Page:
Tuesday, March 30, 2010


With less than 75 days left to the First ever World Cup on home soil, we can only get more excited.  This song by Akon featuring Keri Hilson epitomizes how we feel about our country and continent...OH AFRICA

Tuesday, March 23, 2010

The ‘Walking Testosterone Of Intelligence’ Is Actually A Nice Guy

Thuto Mashegoana

So the first term of my university life is almost over and I must say that it has been interesting meeting fellow classmates and lecturers. There is one lecturer who stands out though. I will never forget the day he walked into class.

“I cannot over emphasise the need for you to acquire new knowledge quickly,” he explained the first day he walked into our classroom. I’m sure most journalism students remember these words from dark, broad shouldered, bald headed, intimidating looking and weird bearded Mr. Gideon Mumeson Tebid. Yep he is all those things in one!

Okay so there we were attending his first lecture and he walked in and stood in front of the obstreperous class with a look that said ‘you do not want to mess with me’. Ultimately the students got the message and settled down.

He proceeded to ask us to introduce ourselves. He then asked what we would like to be taught. One of the students said she would like to be taught in any way as long as the lecturer is wearing a smile on his face. Well Mr. Tebid was not smiling – so I guess this would be hard criteria to fulfill. His response was to explain that he could not walk around smiling about nothing - which actually makes sense because if he walked around smiling for absolutely no reason at all he would look stupid and not like the walking testosterone of intelligence that he is.

It was then time for some motivational speaking from the seemingly hard guy. He told us about how we can learn to become champion journalists which worked in inspiring everyone to become a walking testosterones or oestrogents of intelligence using the five simple steps - IRUIR [Impact, Repetition, Utilisation, Internalisation and Reinforcement]

Now most, if not all, students will agree with me when I say that beneath that big bad guy image he tries to portray Mr. Tebid is actually quite a nice guy. I think we are going to have pleasurable two years with him. As he would say “knowing how to learn fast is the key to personal rapid growth as a budding journalist in contemporary South Africa”.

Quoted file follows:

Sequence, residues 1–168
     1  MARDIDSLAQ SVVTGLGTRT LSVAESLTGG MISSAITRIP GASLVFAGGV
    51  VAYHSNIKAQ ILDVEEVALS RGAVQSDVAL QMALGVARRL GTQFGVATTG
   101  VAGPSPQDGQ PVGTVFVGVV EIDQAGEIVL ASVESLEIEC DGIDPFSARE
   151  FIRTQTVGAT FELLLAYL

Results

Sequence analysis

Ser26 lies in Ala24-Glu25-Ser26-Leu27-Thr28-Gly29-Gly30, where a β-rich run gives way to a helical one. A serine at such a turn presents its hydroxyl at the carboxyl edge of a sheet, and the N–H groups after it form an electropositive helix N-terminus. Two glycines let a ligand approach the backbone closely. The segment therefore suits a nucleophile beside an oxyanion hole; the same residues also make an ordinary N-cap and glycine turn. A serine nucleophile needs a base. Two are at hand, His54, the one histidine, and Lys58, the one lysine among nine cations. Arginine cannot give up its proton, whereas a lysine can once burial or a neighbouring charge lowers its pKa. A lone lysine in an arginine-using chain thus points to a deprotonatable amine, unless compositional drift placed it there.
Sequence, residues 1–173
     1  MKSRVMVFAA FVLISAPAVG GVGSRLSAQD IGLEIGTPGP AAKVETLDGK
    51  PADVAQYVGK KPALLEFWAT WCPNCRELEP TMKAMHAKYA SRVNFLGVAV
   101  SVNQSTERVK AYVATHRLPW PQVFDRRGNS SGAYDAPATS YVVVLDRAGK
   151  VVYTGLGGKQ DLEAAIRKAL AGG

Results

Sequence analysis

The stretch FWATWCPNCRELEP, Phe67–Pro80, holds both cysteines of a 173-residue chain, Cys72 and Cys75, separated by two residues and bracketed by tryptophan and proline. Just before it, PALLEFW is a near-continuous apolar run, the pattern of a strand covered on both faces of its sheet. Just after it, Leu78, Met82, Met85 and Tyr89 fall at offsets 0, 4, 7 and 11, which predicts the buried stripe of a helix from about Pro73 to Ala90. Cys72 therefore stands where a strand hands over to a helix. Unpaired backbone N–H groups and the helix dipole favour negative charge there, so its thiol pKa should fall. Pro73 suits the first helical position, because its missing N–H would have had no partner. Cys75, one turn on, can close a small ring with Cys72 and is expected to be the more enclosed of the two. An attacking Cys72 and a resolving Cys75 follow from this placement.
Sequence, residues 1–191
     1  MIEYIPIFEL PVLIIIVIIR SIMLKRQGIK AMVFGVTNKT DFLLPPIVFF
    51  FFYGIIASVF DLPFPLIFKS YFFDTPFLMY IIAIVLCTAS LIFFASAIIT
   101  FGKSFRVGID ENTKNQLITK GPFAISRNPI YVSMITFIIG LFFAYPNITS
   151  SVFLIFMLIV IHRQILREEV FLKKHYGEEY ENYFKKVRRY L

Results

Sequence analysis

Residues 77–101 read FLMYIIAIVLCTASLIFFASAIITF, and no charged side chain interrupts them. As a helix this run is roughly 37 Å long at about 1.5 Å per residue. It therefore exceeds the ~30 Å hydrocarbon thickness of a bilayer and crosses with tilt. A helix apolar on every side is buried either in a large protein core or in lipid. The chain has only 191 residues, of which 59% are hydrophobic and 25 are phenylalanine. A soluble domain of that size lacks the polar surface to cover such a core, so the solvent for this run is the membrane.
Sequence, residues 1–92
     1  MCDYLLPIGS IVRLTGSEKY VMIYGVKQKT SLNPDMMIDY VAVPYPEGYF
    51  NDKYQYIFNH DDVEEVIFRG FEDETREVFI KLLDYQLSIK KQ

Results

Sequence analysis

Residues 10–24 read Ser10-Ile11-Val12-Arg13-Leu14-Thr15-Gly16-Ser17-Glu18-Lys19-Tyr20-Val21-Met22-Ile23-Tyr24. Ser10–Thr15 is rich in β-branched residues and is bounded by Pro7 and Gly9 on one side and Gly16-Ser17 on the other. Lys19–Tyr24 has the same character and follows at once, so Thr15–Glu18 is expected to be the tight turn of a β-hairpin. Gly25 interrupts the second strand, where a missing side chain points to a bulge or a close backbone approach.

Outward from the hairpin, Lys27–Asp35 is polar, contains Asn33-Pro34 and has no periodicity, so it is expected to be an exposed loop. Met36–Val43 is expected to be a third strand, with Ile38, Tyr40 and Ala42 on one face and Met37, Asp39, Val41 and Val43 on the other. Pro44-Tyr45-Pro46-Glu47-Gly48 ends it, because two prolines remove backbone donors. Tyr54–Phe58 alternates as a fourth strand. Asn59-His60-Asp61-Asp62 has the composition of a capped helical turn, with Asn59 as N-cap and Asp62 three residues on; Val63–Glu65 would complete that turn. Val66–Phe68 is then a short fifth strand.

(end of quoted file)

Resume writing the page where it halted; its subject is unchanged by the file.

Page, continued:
Wednesday, March 17, 2010

Thursday, March 11, 2010

My Friends Say This is Where “He” Comes in for US!

Pearl Nicodemus

How thin is the line between mutually beneficial relationships and using someone? ‘Win win’ situations, where do you draw the line?

Being far from home becomes extremely frustrating when one starts running out of money, food, airtime etc. Apparently this is where “he” comes in. I met a very nice gentleman who is a part of the Res Committee through my roommate. We got along quite well, he visited our room from time to time and I made nothing of it. One day one of my roommate’s friend insisted that he likes me. Well I told her she was seeing things because the thought hadn’t crossed my mind. She continued with the allegations, I continued to deny it until his casual visits turned into a daily routine. It then became very obvious and I could no longer run from the truth. My roommate and her friends seemed to be very excited about this despite the fact that I was nowhere near interested. They then began to show me the reasons why dating him would be such a bonus for US! 1. He has a fridge... that actually has food. 2. Money. 3. Oh I’ve already mentioned the fact that he has a fridge. The list went on and on. 4, 5, 6, 7, 8, 9, oh and 10. He’s actually very sweet.